I have seen quite a few posts on here about people with horses who have been diagnosed with laminitis or another unsoundness; or just ended up with a completely different personality after they've gotten the horse home for a few days. I just thought that before buying a horse... the health and temperment of the horse are of the MOST importance to me. Here what I always check to make sure the horse is sound and suitable for buying.
-Before you buy a horse, you normally call to see when you should go look at him. ALWAYS show up ahead of the time the seller told you. You want to be there to see them take the horse out of the stall and tack him up. This way you can check for grooming/tacking vices AND you can make sure that the seller IS NOT giving the horse any drugs before he is being ridden (i.e calming, etc). I have seen people who bought perfectly levelheaded horses who turned out to be NUTS after the next day because they were drugged prior to buying.
-Some horses who have soundness issues loosen up and do not seem unsound after being ridden for a while. This is another reason why it is important to not only watch the horse come out of his stall... but to also watch him being WARMED UP and RIDDEN.
-Check to see if the horse is wearing any kind of shoes. If not, can he wear them? If so, what kind are they? If they are some sort of WEDGE shoe, BAR shoe, etc... Check to see the REASON for why they are wearing them. It could be linked to an unsoundness.
-NEVER be afraid to ask questions.
-Check to see if the horse's conformation is suitable for YOUR discipline. If you are'nt that adept to knowing conformation .. that's what the vet is for.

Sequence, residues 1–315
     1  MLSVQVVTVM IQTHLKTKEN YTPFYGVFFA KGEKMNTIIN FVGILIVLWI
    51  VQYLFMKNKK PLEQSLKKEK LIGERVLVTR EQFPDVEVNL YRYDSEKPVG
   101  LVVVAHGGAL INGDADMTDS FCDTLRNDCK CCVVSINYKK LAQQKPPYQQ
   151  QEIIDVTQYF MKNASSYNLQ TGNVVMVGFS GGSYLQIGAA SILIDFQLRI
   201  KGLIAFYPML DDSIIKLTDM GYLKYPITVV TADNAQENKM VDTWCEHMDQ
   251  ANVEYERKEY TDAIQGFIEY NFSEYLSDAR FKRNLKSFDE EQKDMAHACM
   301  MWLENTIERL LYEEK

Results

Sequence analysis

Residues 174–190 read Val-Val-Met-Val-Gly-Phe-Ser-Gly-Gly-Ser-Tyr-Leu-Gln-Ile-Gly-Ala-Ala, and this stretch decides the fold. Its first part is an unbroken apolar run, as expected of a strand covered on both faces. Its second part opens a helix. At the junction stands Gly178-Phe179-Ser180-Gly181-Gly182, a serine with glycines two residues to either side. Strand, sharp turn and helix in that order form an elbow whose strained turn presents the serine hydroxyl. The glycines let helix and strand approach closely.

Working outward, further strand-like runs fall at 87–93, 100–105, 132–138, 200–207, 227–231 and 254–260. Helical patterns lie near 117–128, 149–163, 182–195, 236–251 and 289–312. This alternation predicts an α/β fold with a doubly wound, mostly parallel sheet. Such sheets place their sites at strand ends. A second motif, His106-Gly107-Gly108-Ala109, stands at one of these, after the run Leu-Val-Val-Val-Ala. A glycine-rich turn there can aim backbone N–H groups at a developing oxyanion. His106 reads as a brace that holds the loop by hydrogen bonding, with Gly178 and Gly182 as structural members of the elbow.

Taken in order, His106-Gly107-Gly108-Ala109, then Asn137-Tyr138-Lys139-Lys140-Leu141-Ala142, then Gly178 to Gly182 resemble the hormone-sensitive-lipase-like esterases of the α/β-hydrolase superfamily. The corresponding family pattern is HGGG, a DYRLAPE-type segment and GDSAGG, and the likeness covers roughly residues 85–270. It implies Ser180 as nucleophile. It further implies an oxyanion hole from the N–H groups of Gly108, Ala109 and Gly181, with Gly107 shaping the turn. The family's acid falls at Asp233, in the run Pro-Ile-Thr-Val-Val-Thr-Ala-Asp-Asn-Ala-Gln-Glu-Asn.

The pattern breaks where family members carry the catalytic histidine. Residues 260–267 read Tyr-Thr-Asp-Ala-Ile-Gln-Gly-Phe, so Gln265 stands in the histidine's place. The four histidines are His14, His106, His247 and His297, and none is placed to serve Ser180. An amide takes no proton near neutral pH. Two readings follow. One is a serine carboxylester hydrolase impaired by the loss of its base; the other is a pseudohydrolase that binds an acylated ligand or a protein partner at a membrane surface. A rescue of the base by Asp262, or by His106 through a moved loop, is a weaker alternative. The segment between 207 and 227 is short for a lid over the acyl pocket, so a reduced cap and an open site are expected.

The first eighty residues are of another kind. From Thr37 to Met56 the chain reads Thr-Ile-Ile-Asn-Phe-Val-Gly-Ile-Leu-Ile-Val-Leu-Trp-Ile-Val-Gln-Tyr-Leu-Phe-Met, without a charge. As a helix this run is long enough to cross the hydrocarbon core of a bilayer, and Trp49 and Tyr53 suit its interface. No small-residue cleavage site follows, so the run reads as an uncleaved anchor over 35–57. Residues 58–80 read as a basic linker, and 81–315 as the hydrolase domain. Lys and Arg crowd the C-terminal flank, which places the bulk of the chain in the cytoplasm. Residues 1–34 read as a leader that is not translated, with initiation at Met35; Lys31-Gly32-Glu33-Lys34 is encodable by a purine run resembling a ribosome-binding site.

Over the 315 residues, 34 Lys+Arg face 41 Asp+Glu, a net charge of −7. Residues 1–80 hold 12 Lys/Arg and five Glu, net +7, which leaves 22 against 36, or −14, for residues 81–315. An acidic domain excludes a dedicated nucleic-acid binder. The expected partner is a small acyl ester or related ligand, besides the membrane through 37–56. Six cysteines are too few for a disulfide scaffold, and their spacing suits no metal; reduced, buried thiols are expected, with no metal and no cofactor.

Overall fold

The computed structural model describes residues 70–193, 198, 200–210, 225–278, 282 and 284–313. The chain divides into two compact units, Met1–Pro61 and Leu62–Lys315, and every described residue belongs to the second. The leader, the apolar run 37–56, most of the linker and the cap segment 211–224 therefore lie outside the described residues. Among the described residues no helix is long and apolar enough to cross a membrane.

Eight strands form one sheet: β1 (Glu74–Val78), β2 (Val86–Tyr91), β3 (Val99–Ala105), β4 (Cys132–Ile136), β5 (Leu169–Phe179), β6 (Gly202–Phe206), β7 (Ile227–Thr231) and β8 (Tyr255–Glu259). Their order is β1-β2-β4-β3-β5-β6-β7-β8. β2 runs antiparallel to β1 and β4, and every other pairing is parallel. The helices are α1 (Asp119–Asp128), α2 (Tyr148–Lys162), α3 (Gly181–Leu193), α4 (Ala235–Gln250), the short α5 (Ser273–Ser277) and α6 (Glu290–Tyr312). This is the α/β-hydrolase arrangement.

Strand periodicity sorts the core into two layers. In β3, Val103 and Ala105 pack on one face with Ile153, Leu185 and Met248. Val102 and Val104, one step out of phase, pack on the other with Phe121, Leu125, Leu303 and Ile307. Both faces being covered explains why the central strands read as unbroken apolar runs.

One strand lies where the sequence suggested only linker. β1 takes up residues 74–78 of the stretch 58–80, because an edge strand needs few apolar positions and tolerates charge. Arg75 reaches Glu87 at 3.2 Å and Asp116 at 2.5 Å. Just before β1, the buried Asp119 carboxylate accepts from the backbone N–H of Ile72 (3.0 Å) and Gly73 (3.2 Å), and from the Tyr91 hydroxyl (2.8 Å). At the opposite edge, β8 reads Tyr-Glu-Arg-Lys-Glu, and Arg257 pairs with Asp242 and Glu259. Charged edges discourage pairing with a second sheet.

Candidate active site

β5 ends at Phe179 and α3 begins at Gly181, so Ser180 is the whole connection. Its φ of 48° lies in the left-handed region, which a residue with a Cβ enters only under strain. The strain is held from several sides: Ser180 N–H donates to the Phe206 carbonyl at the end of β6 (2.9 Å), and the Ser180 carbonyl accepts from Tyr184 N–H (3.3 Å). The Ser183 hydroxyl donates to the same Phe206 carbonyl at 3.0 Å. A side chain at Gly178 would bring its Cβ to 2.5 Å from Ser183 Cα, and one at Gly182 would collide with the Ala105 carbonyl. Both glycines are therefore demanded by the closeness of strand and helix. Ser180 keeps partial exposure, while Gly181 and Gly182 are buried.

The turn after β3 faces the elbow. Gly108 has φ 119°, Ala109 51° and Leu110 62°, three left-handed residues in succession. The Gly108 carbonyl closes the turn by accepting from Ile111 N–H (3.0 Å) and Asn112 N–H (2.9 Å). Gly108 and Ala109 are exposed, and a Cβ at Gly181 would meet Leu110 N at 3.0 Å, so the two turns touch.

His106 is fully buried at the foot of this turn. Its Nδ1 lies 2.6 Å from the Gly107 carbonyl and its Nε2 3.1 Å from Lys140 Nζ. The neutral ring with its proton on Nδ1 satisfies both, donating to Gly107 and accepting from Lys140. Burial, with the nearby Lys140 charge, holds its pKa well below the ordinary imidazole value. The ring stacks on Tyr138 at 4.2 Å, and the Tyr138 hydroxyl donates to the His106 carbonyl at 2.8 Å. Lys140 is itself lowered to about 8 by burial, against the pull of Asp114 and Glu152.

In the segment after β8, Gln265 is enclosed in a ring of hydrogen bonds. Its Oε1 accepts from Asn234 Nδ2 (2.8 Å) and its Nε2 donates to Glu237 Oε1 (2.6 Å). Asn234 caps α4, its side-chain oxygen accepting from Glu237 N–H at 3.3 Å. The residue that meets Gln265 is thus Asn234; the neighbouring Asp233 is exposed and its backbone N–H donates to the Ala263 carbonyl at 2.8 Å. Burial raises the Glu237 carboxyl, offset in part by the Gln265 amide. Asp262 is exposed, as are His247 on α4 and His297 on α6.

-ALWAYS have a TRUSTED vet do a check on the horse when you take him out to trial him. The vet will check for any lameness, swelling, blemishes, or conformation problems that may effect your horse in the long term.
-Make sure you ask the owner about if the horse has had ANY extra vet visits for laminitis, fractures, illnesses, worms, etc. Certain diseases such as NAVICULAR are PRONE TO COME BACK... and are not worth risking on a horse that you ride every week.
-ALSO, learn about the horses feed and medications/supplements. Figure out the reason for them and learn the last time they were dewormed/inocculated.
-If any serious hoof problems arise... let your VET or FARRIER look at them while the horse is on TRIAL. NOT after you BOUGHT him.
I know this seems like a lot of information... but, I was very surprised at the amount of people that buy horses without trialing them and having them examined by the vet first. Especially if you are using this horse for breeding or upperlevel riding, it is VERY important to make sure his conformation is suitable and his body is healthy.
Good Luck to all you horse buyers!